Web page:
The point is that the only way to write is to sit down and do it. Writing is writing. Preparing to write is not writing.  Thinking about writing is not writing.  Researching what you are going to write about is not writing.  Reading is not writing.  Talking about writing is not writing.  Writing is writing.

The goal is not to be bitter and complaining about how many years have gone by since the novel was started.  The goal is to put together fifty thousand words of prose fiction in thirty days.  I would even be willing to go so far as to say that the goal is to learn something in the process (even if the word count at the end of the month is less than fifty thousand) and a feeling of accomplishment when it is all over.

This is my second year taking the National Novel Writing Month challenge.  I learned quite a bit last year (although I have not touched that heap of writing since), and I am learning more this year.  One might even go so far as to say that I am building on last year’s experience, and learning more about my writing means that I can improve it.

My suggestion to Mr. Gresko is that he stop wasting word count complaining about an activity enjoyed by thousands of people all over the world and get back to one of his unfinished novels.

That said, I am going to stop ironically expending word count on a blog post and get back to writing.

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Since I read a lot of books in a similar vein with similar storylines, challenges, themes and characters, I am always looking for an author to surprise me and draw me in with a different twist or take on familiar elements.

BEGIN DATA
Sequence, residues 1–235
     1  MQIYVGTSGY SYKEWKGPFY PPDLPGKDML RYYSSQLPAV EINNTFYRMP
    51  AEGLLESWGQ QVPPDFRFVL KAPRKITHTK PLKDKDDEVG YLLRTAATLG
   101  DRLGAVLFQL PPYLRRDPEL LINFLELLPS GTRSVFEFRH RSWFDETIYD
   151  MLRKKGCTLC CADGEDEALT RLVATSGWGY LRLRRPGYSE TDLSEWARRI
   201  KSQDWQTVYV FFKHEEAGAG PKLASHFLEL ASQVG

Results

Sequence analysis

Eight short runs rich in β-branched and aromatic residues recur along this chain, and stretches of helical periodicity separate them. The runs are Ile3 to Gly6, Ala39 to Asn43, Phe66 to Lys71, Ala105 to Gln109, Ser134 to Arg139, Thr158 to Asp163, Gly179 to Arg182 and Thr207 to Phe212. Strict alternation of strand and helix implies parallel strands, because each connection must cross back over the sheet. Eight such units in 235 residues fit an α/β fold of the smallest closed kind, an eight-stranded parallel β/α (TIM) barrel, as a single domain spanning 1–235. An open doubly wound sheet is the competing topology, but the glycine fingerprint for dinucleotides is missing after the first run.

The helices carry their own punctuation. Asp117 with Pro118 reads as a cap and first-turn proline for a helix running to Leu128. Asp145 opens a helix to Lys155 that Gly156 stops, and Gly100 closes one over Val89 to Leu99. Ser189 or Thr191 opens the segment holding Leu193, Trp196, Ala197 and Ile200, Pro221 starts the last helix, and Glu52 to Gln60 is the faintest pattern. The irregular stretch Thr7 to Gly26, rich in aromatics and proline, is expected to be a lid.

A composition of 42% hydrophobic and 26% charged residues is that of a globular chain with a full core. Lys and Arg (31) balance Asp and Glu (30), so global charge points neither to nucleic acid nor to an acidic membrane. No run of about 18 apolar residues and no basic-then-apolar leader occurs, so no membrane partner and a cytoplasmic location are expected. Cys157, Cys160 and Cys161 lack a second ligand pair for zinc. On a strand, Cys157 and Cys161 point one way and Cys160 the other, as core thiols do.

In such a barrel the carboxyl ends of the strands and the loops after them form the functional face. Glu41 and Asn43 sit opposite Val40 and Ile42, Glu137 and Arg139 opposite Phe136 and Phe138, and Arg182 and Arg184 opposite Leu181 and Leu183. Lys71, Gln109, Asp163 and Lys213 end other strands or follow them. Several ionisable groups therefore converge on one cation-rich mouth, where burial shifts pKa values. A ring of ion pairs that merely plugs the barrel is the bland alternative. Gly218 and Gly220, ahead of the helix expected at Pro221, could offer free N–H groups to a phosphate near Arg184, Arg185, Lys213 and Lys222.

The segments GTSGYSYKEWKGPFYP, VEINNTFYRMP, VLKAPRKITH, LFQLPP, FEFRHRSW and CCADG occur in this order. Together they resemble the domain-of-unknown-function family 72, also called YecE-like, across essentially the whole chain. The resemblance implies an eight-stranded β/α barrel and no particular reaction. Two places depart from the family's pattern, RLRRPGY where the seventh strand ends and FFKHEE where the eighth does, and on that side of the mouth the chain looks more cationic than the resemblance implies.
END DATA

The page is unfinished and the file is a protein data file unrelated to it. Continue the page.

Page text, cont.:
Voices of Dragons is a little more serious and a little less whimsical than a lot of the teen urban fantasy type books I have read.  It took some getting used to, but overall it was worth reading.  A savvy metaphor for the contemporary state of the world.

The setting is completely contemporary and modern. The only thing that isn’t “normal” is the fact that there are dragons in the world, which is a bit jarring. It takes some getting used to that there is only one thing “out of place,” only one magical element — as opposed to, say, having a character discover that there is an entire magical world.

The dragons are not so much considered magical as large, powerful, intelligent, virtually eternal creatures whose fire breathing capability enables them to have extremely destructive potential. They are relegated behind borders negotiated sixty years ago, after the dragons took issue with the disturbance caused by the testing and detonating of atomic bombs during World War II. Neither human nor dragon is allowed to cross the borders. There is no contact, no communication. It is forbidden and illegal. As a friend pointed out to me, it has a very Cold War feel to it.

One day, Kay accidentally crosses the border when she slips and falls into a river while cooling off after a hike. A dragon not only saves her life rather than letting her die or eating her himself but also asks her to come back again and visit. He wants to practice his English. He is curious. He wants to learn. And so does Kay.

As the fragile and unlikely friendship grows, the larger situation becomes more unstable. The military can’t leave well enough alone and begins testing the border … in order to test new weapons. As the situation escalates, Kay and her dragon friend must make some extremely difficult (and courageous) choices.

The lessons about choosing education, communication and cooperation over suspicion, hostility and provocation are well taught, as is the importance of doing something for the greater good and the longer term, rather than focusing on the moment and the individual.